Srinagar: ‘Khawaja Diggar’ a popular religious gathering is being held on the 3rd Rabbi-ul-Awwal every year at the Naqshbandh Sahab shrine in old city here in remembrance of the Sufi saint, Hazrat Khawaja Syed Bha-u-Deen Naqsaband Sahab (RA).
A huge gathering of devotees converges at the shrine on the 3rd of Rabbi-ul-Awwal, of the Islamic month. Devotees, who throng the shrine on this day-to pay respect to the Sufi saint, who left for the heavenly abode in the year 1674 make it a point to spend some time here and offer their respects to the revered saint.
On Wednesday, a huge gathering is likely to be witnessed at the shrine with Khaddims (caretakers) saying that all the arrangements have been put in the place for the devotees who would start thronging the shrine from ‘Zuhar’ (afternoon prayers).
The congregational prayers at the ‘Asr’ (post afternoon prayers) has its own significance as the Khawaja Naqshband Sahab (RA) left for the heavenly abode at this time on 3rd Rabbi-ul-Awwal, a religious cleric, Ghulam Rasool Haami informed ‘Kashmir Vision’.
The followers of the Sufi saint said that the Naqashband Sahab (RA) has shown people of the Valley a path to righteousness.
Ghulam Qadir, one among the followers said that his ancestors are following the teachings of Naqashband Sahab (RA) and so is he. “There is a considerable devotion associated with Peer Naqashband Sahab (RA), which attracts us to pay our obeisance to the revered saint,” he said.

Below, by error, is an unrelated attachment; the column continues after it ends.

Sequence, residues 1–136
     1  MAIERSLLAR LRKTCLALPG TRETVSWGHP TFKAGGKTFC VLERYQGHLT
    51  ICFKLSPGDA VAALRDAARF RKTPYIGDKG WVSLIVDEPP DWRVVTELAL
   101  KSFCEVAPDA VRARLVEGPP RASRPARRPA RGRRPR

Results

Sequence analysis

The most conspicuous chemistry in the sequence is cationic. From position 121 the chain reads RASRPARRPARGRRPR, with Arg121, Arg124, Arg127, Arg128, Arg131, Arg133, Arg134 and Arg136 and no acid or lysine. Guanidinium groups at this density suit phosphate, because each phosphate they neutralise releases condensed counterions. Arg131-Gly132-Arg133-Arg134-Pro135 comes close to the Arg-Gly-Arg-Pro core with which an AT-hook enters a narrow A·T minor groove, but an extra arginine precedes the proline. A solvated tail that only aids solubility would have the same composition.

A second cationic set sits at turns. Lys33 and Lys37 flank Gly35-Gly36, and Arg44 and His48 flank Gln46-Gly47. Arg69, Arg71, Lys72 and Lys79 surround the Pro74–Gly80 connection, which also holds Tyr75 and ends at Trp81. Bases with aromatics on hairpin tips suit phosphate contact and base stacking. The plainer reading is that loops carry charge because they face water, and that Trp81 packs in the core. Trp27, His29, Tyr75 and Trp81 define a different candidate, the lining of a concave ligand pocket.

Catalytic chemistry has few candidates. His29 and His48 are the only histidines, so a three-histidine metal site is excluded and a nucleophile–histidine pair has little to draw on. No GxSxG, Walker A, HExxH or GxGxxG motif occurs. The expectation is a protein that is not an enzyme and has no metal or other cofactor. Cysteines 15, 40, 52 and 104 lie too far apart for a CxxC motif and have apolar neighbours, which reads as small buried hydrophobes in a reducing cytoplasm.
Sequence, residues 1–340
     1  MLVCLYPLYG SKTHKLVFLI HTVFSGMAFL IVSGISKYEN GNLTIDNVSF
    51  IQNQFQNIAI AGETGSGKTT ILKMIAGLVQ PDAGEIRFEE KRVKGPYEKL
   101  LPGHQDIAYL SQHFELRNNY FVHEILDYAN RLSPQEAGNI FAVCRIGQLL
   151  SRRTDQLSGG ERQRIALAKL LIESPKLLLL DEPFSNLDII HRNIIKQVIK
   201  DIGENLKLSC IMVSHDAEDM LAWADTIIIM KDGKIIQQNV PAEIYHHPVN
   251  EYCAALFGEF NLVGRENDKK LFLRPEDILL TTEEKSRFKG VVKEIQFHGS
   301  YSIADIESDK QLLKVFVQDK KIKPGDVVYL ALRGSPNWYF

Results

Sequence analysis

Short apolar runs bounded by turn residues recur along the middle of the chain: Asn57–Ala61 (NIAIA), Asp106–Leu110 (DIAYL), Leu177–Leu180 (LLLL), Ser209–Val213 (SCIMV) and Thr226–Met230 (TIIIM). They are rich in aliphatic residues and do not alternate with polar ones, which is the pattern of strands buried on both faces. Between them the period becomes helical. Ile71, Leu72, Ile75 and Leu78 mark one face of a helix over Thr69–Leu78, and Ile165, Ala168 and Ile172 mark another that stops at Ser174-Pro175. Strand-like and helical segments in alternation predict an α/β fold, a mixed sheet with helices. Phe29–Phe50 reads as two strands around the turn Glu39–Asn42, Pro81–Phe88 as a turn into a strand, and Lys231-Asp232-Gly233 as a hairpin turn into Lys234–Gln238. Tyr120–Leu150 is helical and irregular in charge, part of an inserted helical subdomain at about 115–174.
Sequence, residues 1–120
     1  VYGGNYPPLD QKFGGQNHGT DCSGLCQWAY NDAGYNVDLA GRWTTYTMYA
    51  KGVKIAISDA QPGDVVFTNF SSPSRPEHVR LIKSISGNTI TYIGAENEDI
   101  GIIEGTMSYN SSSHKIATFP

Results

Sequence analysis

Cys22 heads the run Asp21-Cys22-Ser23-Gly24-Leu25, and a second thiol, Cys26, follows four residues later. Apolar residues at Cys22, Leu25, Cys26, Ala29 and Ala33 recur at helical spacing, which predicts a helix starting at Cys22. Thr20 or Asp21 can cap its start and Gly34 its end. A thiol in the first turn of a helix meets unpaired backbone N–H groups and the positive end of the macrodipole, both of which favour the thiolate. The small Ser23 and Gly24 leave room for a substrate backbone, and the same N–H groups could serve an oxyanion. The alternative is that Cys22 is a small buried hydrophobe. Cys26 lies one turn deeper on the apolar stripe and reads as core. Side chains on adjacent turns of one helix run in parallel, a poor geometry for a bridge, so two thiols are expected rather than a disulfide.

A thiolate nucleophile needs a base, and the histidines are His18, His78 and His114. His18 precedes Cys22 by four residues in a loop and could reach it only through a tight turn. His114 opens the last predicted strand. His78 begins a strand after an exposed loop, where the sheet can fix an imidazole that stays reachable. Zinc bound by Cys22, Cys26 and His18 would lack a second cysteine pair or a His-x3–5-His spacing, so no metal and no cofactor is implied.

He said that every year he along with his family comes to pray at the and offer their reverence to the Sufi saint.
Naqashband Sahib (RA) shrine is named after the well known Bukhara mystic, Khawaja Syed Bha-u-Deen Naqsaband (RA, the founder of a Sufi order. It is one of the important shrines, located in Old city.
The area in which this shrine is built was called Sikander-pore because it was built by Sultan Sikandar (1389-1413) (Sikandar Butshikan). During the Chak times Sulatn Hussain Chak (1563-1570) built a garden in this area.
In 1633 Khawja Khawand Mahmood obtained a fatwa to demolish the old shrine and used the same material to build the present Naqahband shrine, in what at that time would have been Hussian Chaks old garden. Because of Khawja Khawand Mahmood’s name the neighborhood is still called Khwaja Bazzar.
After Khawja Khawand Mahmood’s death in 1640 in Lahore, his son Khawaja Moin-Ud-Din Naqashbandi came to Kashmir to look after the shrine. He died in 1674 and is buried at the shrine.
When the holy relic of prophet Mohammad’s hair was brought to Kashmir in 1699, it was first kept at this shrine. There was not enough space to accommodate the crowds that came to see the holy relic. So the Mughal Governor at that time donated what was then called Sadiq Khan Bagh. This place became the present Hazratbal Shrine that has since then housed the holy relic. In 1886 Nawab of Dhaka Sir Khwaja Ahsanullah, whose ancestors were from Kashmir, sent money that was used for major renovation of the present building of the shrine.